and was told that to start the motor you need to send it 1.5 ms pulses with 8.5 ms in between them for multiple repetitions to get it running, and then change to 1 ms pulses with 9 ms in between them to keep it running.

I am very doubtful about that. It seems unnecessarily complex. How could you do that with a regular Radio Control TX?

The arming sequence for an ESC may be something like move the control stick all the way to full power followed by all the way to zero power - perhaps holding it in either or both positions for a set time. None of that involves strange millisecond variations.

The point about this is that if you are wrong (even by a little bit) you will never get it working and you will be no wiser. It is like trying to break a code. Either get the user manual or get a manual for a different ESC by the same maker - it may use the same arming sequence. Or get another ESC that does come with a use manual.

...R

@AWOL What's the benefit of doing the arming sequence before attaching? Don't you need it attached to send the signals at all?
@J-M-L Wow, I've coded that and checked the oscilloscope, and it works! Thanks a ton! Although the motor is just beeping instead of running, so I'm going to try and put some more research into it.
@Robin2 I'm not exactly sure of the reasoning behind the variation, but the 1.5 ms with 8.5 ms delay is (I think) to get it started, since you're only doing it for a few repetitions, and then once the motor is up and running you can switching to shorter pulsewidths with a greater delay in between. But I mean, normally you wouldn't manually arm an ESC when using a control stick for a model plane. I would imagine the system would be programmed to do that itself when started, would it not? Apologies if this is not the case, as I hardly know anything about motors, and don't fool around with RC planes/cars (this is just for the motor itself, it's not a motor inside a model of any sort) :stuck_out_tongue:

@AWOL What's the benefit of doing the arming sequence before attaching? Don't you need it attached to send the signals at all?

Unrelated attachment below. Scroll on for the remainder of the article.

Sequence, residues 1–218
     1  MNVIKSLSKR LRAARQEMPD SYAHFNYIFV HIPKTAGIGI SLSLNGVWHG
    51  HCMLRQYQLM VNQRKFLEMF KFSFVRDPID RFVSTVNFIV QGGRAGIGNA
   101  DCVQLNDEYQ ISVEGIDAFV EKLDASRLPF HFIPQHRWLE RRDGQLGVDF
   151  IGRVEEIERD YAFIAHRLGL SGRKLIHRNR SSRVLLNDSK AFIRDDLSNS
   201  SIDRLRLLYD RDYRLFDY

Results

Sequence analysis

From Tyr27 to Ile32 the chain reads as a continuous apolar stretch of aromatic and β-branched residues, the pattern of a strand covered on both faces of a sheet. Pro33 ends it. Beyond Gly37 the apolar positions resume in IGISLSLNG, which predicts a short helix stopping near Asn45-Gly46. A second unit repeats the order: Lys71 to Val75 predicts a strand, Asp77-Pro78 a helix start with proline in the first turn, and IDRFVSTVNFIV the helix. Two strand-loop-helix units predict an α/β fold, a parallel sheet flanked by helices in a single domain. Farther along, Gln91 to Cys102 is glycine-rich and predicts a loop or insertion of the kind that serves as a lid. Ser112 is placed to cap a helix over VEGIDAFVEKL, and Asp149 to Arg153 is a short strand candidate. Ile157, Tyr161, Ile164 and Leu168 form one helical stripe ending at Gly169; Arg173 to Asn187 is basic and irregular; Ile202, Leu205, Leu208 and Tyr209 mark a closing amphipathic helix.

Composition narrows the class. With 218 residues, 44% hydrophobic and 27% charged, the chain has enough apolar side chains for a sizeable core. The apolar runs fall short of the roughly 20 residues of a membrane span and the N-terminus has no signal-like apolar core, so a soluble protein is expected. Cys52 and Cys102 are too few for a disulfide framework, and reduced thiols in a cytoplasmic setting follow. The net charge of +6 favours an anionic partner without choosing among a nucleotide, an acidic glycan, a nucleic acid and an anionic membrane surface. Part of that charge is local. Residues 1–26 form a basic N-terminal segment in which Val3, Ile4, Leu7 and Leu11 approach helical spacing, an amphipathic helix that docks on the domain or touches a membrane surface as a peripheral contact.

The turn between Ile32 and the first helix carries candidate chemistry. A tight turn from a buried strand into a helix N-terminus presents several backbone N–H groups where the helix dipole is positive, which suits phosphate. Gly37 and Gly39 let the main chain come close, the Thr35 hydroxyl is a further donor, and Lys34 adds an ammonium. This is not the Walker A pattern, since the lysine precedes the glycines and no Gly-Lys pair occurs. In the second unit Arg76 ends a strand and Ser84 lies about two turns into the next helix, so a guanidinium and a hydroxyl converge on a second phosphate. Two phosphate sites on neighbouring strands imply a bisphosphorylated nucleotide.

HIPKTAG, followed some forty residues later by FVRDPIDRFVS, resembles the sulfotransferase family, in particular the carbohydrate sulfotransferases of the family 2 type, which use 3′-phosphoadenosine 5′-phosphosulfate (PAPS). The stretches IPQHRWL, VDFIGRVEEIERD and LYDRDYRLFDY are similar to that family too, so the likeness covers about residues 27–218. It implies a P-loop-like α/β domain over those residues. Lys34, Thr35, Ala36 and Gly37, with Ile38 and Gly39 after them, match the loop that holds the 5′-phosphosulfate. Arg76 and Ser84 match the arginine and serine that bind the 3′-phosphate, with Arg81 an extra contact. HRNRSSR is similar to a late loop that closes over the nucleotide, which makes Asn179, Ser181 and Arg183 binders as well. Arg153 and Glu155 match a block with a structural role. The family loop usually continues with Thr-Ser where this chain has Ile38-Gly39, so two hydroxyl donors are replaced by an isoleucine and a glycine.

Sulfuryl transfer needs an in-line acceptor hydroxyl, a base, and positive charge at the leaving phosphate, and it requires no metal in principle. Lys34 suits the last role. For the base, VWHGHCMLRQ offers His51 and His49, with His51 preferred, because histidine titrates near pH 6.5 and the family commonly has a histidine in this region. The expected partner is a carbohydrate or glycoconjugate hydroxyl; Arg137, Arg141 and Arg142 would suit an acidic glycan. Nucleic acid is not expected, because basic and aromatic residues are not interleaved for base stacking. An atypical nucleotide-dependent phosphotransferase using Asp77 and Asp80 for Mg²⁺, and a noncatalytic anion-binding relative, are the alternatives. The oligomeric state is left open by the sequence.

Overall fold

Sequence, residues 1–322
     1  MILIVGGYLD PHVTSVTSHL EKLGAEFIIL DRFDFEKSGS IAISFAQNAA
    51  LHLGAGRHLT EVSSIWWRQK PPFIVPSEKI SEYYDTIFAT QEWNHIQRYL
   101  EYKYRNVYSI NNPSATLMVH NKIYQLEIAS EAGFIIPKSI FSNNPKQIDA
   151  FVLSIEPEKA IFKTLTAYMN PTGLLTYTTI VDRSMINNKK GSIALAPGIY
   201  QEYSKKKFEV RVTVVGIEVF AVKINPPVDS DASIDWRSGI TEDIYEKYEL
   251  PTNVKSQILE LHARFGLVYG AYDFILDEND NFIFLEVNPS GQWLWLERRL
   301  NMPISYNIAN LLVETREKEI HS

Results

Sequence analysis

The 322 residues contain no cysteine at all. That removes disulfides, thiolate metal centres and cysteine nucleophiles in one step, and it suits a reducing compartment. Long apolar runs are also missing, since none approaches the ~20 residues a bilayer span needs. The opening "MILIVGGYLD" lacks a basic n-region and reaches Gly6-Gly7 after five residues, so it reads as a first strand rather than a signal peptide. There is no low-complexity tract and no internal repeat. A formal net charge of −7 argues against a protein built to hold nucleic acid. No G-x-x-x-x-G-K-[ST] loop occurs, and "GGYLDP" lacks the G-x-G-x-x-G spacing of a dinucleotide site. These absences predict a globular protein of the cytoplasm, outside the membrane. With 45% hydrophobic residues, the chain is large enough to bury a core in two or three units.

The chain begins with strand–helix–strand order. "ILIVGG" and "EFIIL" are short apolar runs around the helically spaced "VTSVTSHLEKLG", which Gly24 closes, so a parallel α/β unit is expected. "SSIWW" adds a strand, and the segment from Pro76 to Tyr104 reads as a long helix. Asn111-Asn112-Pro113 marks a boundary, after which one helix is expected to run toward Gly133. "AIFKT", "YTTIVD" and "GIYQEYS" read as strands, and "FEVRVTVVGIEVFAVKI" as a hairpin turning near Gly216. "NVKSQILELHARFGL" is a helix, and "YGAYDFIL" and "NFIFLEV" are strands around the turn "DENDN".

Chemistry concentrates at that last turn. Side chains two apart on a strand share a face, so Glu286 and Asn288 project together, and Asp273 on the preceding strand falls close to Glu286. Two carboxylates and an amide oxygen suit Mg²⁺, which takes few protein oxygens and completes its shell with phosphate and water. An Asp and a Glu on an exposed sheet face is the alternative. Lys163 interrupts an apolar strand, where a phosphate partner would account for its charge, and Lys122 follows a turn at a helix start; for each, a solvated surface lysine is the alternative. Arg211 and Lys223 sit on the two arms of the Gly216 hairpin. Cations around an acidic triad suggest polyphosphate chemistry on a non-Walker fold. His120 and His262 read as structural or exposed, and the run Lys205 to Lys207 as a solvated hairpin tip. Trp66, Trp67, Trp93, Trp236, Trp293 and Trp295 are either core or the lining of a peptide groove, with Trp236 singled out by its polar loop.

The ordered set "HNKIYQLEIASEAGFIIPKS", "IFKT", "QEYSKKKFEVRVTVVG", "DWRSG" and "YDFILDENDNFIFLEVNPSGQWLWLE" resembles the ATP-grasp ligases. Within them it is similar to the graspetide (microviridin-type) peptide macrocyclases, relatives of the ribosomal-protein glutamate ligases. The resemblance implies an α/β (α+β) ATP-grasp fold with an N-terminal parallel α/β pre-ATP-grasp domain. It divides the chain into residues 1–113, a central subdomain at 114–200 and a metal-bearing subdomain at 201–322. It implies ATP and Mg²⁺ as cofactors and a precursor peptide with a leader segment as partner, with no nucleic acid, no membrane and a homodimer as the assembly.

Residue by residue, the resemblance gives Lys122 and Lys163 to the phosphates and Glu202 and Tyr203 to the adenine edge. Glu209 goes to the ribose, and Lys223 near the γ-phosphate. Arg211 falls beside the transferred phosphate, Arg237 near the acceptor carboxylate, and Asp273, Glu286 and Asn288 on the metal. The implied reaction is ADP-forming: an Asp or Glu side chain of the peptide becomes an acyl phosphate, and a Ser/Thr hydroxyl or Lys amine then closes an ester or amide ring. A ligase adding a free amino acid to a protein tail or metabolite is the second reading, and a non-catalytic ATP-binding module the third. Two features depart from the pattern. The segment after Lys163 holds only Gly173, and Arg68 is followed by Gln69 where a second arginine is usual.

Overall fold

@J-M-L Wow, I've coded that and checked the oscilloscope, and it works! Thanks a ton! Although the motor is just beeping instead of running, so I'm going to try and put some more research into it.

If you followed J-M-L instructions, it seems to me you have performed arming without attaching so I'm a little puzzled by your comment.

Well, rather than using the attach function I have the pin set as an output to send signals (via pinMode). Is there a big difference between attach and pinMode?

Elivaras:
But I mean, normally you wouldn't manually arm an ESC when using a control stick for a model plane.

AFAIK you do need to arm them. The motors with propellers attached are very dangerous if the motor was to start unexpectedly.

...R

@Robin2 I see, that make sense. But the user wouldn't manually control the pulsewidth in order to arm them, would they? I would think that would be done automatically upon initiating a start-up sequence, but again I don't know much about them so I'm probably wrong.

Elivaras:
@Robin2 I see, that make sense. But the user wouldn't manually control the pulsewidth in order to arm them, would they?

Of course not. So what would the user do? When you know that you can get the Arduino to mimic it. The ESC won't know that there is an Arduino involved.

...R

So you're basically saying that the start up sequence and running sequence we were told seems too complicated (due to the pulsewidth and difference between pulses varying in weird millisecond increments), and is most likely wrong?

Elivaras:
So you're basically saying that the start up sequence and running sequence we were told seems too complicated (due to the pulsewidth and difference between pulses varying in weird millisecond increments), and is most likely wrong?

That is indeed what I suspect.

...R

@J-M-L Wow, I've coded that and checked the oscilloscope, and it works! Thanks a ton! Although the motor is just beeping instead of running, so I'm going to try and put some more research into it.

I'd suggest to play with the timing but I now have a doubt because of the beeping... How do you power your motor? Can you post a wiring diagram?

@J-M-L Here's a bunch of screenshots about how it's all hooked up.

Overview: http://imgur.com/NbjzZTZ
BEC Connected to ESC Hookup: http://imgur.com/hVQ9bCc
Arduino Hookup: http://imgur.com/cghaGz5

The long green wire is connected to pin 9 on the Arduino, and is the signal wire that sends a signal through the BEC to the ESC, and then to the motor. The long white wire is connected to ground. The short green wire strictly on the Arduino is connecting the 5V pin to A0. I was watching a few videos, reading some things, and getting some info from my grandfather about how to hook this all up. From a video I watched, they basically had the exact same hookup, except they had a potentiometer to control the speed. They said in the video that if you don't have a potentiometer, you should connect 5V to A0 directly, since the potentiometer would be hooked up to 5V, GND, and A0. I'm not sure if it's 100% necessary, tbh though.

Is that a real commercial ESC or something custom made? With the capacitor sticking looks like either a BEC or indeed a Brushless Speed Controller ESC Built in BEC

Is 8v enough or too much for your motor? what's the amp settings on you lab supply?